Problems with Stare Decisis

The principle of stare decisis aims for legal stability by stating that future decisions can be predicted based on older decisions held by higher courts within the same jurisdiction within the same factual configuration.

The statement above is very ambitious. To understand it better, let’s assume that highest court in New York State decides that environmental nuisances are grounds to grant an injunction to stop the nuisance. Then, according to the principle of stare decisis, when a plaintiff brings a complaint against a cement factory’s owner because the cement pollution causes plaintiff to suffer partial eviction from its property adjacent to the cement factory, that plaintiff has a high expectation that under New York law defendant’s factory will be closed, unless the pollution can be averted. But law is not science and law depends on various factors, among them a judge’s understanding of each factor involved in the case.

In other words, this principle is not set in stone. In fact there are quite a few problems with making it work, because (a) it is as hard to identifying the binding rule, as (b) it is to identify factually similar cases. Furthermore, even identified, rules are a matter of interpretation. So, in fact the principle of stare decisis becomes a principle of preserving a legal system more than perpetuating a specific rule for a specific set of facts.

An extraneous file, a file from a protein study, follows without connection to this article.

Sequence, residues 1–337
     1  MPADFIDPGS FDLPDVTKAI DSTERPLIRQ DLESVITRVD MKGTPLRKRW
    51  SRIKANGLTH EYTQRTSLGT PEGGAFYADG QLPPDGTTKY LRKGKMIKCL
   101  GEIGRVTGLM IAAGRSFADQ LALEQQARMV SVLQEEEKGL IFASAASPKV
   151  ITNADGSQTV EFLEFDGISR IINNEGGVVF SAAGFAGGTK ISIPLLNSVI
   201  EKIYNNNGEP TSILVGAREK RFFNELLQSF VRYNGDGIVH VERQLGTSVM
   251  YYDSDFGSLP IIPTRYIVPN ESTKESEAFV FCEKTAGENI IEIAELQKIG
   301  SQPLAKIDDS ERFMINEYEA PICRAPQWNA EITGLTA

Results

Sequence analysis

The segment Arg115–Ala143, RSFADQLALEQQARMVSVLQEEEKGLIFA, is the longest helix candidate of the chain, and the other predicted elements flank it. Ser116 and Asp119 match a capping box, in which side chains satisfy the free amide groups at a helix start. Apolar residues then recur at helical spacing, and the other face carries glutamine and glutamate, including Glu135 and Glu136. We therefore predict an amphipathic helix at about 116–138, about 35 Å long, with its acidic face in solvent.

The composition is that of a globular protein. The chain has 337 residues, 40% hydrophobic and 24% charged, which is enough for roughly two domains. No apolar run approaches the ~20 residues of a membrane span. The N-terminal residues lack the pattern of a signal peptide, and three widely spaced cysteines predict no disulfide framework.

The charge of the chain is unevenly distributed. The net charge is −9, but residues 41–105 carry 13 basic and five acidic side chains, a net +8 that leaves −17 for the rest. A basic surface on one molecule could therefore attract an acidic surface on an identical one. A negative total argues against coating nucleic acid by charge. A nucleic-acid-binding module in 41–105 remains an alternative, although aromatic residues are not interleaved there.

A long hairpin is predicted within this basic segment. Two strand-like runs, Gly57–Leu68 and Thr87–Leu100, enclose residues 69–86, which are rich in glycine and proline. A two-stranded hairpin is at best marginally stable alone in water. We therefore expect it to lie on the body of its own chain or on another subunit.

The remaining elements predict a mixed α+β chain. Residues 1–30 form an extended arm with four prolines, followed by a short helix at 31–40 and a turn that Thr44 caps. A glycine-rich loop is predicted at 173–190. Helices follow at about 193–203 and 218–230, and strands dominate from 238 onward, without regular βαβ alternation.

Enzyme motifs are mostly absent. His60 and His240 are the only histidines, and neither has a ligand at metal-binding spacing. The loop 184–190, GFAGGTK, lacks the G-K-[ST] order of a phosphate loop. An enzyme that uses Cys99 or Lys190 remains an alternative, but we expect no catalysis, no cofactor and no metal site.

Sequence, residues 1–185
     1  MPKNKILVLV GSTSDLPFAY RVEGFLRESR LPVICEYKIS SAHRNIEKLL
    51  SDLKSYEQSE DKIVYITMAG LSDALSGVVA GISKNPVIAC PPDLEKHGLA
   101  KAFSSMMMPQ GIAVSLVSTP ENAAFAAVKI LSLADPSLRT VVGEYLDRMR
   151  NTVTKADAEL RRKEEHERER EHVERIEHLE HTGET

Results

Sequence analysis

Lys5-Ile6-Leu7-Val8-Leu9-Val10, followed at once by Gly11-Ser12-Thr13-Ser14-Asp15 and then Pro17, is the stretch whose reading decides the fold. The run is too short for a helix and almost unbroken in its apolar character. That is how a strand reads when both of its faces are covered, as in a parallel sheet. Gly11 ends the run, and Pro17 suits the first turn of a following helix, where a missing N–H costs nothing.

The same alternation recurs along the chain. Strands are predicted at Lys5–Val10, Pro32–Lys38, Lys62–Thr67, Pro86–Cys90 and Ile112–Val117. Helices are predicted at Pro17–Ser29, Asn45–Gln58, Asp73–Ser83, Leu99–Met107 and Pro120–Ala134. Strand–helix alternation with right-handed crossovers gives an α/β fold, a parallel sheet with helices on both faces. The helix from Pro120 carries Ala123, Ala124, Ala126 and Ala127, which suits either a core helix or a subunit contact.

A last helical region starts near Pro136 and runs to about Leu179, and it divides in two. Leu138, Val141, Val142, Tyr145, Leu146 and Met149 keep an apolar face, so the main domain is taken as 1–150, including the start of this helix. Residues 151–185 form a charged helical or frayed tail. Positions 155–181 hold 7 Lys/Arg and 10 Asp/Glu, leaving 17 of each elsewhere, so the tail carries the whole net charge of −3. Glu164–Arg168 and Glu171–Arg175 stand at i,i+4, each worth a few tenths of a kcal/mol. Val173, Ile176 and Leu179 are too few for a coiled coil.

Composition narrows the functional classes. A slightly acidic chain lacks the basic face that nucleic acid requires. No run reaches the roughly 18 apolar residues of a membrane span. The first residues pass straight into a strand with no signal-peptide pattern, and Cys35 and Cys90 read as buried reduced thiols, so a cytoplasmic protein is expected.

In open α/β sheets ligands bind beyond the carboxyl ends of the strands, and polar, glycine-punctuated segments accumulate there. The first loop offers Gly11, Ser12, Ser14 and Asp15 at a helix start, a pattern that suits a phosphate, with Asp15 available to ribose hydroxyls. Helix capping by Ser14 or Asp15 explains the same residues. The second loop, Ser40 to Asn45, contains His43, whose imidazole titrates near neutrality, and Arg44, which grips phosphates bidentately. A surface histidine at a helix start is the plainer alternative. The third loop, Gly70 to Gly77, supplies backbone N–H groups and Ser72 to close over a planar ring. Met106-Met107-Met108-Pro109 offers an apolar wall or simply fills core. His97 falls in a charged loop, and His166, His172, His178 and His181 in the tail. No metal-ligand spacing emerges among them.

The next sections will briefly discuss some aspects related to the application of the principle of stare decisis under the headings of:

  1. The Structure of an Opinion Is a Gray Zone
  2. Identifying the Factually Similar Cases